OTTAWA – The prime ministers of the U.K. and Canada vowed Monday to join forces and press Boeing Co. and the Trump administration to bring an end to the aerospace company's pursuit of a trade complaint against Montreal's Bombardier Inc.
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The dispute between the North American aircraft makers, over allegations that Bombardier unfairly benefits from Canadian government support, prompted Canadian Prime Minister Justin Trudeau to issue his most direct threat regarding Boeing's behavior at a joint press conference involving the two Group of Seven leaders.
Mr. Trudeau said a failure to resolve the matter could prompt Canada to scrap previously announced plans to buy roughly $5 billion in Boeing jet fighters, as he said he has no intention to do business "with a company that's trying to sue us."
U.K. Prime Minister Theresa May has been drawn into the dispute because it could affect a factory in Northern Ireland that makes parts for Bombardier's 100-plus-seat C Series aircraft. That carries political implications for Mrs. May's minority Conservative government, which depends on support from 10 lawmakers belonging to Northern Ireland's Democratic Unionist Party to pass critical legislation, including on Britain's exit from the European Union.
"We have discussed how we can work together to see a resolution to this issue, which from my point of view, I want to see a resolution which protects those jobs in Northern Ireland," Mrs. May told reporters. She added she would raise the Bombardier dispute with President Donald Trump when she meets with him later this week at the United Nations General Assembly.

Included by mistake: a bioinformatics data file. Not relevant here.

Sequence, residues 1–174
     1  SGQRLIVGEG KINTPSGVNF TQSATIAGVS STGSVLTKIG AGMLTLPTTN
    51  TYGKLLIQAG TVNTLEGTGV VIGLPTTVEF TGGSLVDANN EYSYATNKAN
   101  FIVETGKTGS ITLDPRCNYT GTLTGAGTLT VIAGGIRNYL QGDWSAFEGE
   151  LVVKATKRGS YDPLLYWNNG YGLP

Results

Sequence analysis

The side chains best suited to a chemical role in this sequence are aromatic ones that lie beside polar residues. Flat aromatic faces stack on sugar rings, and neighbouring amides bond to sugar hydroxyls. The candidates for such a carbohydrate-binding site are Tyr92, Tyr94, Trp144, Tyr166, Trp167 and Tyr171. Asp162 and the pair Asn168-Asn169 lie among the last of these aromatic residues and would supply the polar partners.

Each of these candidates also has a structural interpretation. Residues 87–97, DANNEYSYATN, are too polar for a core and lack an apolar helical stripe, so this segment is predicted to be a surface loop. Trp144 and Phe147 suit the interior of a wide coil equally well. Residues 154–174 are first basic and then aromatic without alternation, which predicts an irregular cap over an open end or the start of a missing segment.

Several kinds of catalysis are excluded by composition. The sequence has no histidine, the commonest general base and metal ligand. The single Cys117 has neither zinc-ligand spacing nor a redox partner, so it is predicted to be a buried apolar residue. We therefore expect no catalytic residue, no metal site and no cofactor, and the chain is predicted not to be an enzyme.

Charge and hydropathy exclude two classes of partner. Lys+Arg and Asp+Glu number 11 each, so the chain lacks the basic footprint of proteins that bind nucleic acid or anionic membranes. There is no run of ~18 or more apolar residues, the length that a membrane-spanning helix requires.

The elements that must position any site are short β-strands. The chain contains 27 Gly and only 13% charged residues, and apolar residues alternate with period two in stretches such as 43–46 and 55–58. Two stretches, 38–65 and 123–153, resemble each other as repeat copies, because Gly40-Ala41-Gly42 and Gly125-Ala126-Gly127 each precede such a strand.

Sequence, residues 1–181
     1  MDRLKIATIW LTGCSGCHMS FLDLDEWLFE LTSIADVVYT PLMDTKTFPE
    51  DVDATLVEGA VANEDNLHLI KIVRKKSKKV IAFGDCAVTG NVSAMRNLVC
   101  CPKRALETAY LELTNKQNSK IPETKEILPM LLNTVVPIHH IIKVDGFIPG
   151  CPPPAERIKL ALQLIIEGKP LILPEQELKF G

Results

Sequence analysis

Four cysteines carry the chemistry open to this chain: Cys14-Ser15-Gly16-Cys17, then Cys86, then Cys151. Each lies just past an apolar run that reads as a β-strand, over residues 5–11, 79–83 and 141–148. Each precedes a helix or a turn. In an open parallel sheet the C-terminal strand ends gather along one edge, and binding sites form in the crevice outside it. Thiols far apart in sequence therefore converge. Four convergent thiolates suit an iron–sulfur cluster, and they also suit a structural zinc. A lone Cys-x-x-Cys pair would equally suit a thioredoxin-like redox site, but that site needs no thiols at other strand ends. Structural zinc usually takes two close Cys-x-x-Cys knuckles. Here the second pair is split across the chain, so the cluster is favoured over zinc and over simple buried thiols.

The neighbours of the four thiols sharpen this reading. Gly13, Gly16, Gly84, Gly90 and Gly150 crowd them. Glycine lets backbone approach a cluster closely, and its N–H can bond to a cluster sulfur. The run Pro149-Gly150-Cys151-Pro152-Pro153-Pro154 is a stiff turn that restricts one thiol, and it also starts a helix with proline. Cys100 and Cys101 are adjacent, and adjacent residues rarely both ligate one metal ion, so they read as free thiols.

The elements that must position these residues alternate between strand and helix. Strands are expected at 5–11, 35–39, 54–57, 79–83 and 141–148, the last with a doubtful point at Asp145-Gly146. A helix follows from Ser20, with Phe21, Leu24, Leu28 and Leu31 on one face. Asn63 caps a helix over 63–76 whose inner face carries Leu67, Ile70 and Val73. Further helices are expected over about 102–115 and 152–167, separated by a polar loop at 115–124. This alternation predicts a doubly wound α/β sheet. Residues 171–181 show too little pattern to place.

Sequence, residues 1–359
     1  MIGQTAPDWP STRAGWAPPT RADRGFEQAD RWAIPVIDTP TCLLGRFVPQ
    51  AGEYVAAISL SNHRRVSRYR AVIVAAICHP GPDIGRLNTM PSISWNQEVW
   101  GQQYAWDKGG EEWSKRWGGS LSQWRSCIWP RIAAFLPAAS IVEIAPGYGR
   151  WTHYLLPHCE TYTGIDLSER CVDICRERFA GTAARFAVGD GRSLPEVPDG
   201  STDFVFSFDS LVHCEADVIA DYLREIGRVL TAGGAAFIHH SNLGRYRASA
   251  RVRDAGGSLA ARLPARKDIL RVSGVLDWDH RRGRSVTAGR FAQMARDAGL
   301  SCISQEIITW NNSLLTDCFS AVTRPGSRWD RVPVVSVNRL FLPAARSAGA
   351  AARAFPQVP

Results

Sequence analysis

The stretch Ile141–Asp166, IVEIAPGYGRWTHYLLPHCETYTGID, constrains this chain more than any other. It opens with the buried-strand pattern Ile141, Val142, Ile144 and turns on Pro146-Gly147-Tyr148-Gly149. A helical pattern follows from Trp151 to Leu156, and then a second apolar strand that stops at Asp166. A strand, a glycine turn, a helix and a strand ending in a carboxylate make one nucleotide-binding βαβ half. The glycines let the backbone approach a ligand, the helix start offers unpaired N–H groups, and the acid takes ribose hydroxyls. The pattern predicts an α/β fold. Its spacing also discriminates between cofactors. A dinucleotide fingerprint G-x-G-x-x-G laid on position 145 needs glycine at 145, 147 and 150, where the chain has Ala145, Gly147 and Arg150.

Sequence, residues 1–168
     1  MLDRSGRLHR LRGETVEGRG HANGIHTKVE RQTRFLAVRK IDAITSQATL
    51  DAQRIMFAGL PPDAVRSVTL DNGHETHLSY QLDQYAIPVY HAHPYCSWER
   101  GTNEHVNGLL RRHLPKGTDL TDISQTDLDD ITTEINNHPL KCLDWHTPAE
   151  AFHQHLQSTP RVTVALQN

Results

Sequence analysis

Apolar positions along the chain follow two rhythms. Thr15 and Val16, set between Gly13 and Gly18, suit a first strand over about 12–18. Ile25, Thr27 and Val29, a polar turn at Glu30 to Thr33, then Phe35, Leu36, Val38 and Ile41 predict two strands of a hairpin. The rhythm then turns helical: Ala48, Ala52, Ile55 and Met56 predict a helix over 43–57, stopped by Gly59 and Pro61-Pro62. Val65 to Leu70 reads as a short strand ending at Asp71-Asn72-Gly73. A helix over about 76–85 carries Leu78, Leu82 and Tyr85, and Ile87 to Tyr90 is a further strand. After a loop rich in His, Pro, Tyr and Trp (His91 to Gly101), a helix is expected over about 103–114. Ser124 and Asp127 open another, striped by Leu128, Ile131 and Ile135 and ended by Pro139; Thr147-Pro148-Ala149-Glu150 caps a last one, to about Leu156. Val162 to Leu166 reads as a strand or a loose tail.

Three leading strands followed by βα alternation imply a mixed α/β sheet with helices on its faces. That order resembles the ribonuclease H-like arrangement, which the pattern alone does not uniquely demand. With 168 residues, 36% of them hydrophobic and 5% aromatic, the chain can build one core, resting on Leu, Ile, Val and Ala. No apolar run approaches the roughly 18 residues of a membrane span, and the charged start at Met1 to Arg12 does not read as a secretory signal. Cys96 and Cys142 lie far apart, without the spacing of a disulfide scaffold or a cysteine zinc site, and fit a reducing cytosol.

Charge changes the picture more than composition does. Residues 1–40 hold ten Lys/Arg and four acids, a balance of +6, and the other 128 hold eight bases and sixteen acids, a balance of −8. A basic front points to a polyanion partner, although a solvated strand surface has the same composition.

"I will be impressing on him the significance of Bombardier to the United Kingdom, and obviously to jobs in Northern Ireland," she said.
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The rhetoric and vow from London and Ottawa to fight together emerges before the International Trade Commission is scheduled to issue next week a preliminary ruling on Boeing's complaint.
Boeing alleges Canadian state subsidies have allowed Bombardier to sell its C Series in the U.S. at below cost, and this poses an unfair competitive threat to Boeing's own 737 passenger jets. Boeing wants U.S. authorities to impose tariffs on C Series imports to the U.S.
"In need of a big name sale in the United States, Bombardier offered planes at absurdly low prices, millions lower than in its home market. This is a classic case of dumping," Boeing said in a recent statement.
The Canadian government and Bombardier deny Boeing's allegations.
Aerospace analysts say plane makers including Boeing routinely sell new plane models below what they cost to make to win market traction, analysts say. Bombardier's C Series is smaller than any Boeing jet, and the U.S. company didn't make an offer last year on the contract that Bombardier secured from Delta Air Lines Inc.
Mr. Trudeau said Boeing is pursuing this complaint due "to their narrow economic interest to harm a potential competitor, and is not in keeping with the kind of openness in trade that benefits citizens all around the world."
This escalated rhetoric also comes as the U.S., Canada and Mexico are set to meet for the next round of trilateral talks aimed at revamping North American Free Trade Agreement, known as Nafta. Those talks are unfolding while Mr. Trump continues to threatened to withdraw from the pact unless the U.S. gets better terms.
Jenny Gross in London contributed to this article.
Write to Paul Vieira at email@example.com
(END) Dow Jones Newswires
September 18, 2017 15:15 ET (19:15 GMT)